In brief

  • A practice test for the Gaokao, China's college entrance exam, this year features a question on Bitcoin mining.
  • The question on economic geography asks students why Bitcoin miners would cluster in the province of Sichuan.
  • Gaokao questions focus on the most important issues of the year and act as a barometer for what's on the government's mind.

Every year, 10 million students take China’s national college entrance examination, known locally as the “Gaokao”. Students preparing for this year’s grueling exam, scheduled for July 7th and 8th, could well be asked to analyze the economic geography of the Bitcoin mining industry. 

A leading education publisher’s mockup Gaokao exam has a question that asks students to provide an analysis of why Bitcoin mines would be clustered in the province of Sichuan, according to a screenshot of the paper. Students are given some context of the province’s geography: rich in hydropower, the infrastructure is overbuilt for the population base and plenty of hydropower is wasted. From there, students are asked to analyze why Bitcoin mines would want to operate in the area, and how seasonality would affect the industry. 

Two students that spoke to Forkast said that the question was a fairly easy one, and the theme of economic geography comes up ever year—though the context of Bitcoin mining was a topical twist on an old theme. 


Other reports from local media in China indicate that Bitcoin mining has appeared as a topic in other publishers' exam prep books, with questions ranging from defining how the process works to exploring issues like pollution and e-waste.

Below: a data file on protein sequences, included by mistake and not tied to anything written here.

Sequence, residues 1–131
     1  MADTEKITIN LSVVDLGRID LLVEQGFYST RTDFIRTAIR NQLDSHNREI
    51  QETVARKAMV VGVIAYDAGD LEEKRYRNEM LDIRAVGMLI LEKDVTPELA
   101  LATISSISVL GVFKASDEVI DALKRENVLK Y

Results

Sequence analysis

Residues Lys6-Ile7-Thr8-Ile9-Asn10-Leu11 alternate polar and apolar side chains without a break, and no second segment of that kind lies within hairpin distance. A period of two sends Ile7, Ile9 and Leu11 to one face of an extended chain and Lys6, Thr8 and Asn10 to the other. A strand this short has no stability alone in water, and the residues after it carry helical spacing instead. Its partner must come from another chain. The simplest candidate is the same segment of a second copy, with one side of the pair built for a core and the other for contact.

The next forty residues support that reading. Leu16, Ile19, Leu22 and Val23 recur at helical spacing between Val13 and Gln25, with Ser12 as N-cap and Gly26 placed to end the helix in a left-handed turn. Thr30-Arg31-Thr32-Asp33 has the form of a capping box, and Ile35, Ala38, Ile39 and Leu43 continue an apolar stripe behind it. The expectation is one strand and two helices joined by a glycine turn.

Bitcoin mining enters the mainstream

As the Gaokao is written by an enormous cross-section of Chinese society, like the USA's SATs or the United Kingdom's A-Level exams, the questions asked become deeply rooted in the broader cultural zeitgeist of young people. They're also considered to be a barometer of the most important political topics at all levels of government.

For example, the civics section of 2007’s Gaokao focused heavily on the 11th 5-year plan, a quinquennial set of economic and development initiatives presented to China’s congress. On 2014’s test, the Belt and Road Initiative, introduced earlier that year to drive economic growth in China, took center stage. 

In 2020, Bitcoin mining has been elevated to the same level. As the industry becomes more established in China, it’s something educators believe that young people should know about.

This story was produced in collaboration with our friends at Forkast, a content platform focused on emerging technology at the intersection of business, economy, and politics, from Asia to the world.

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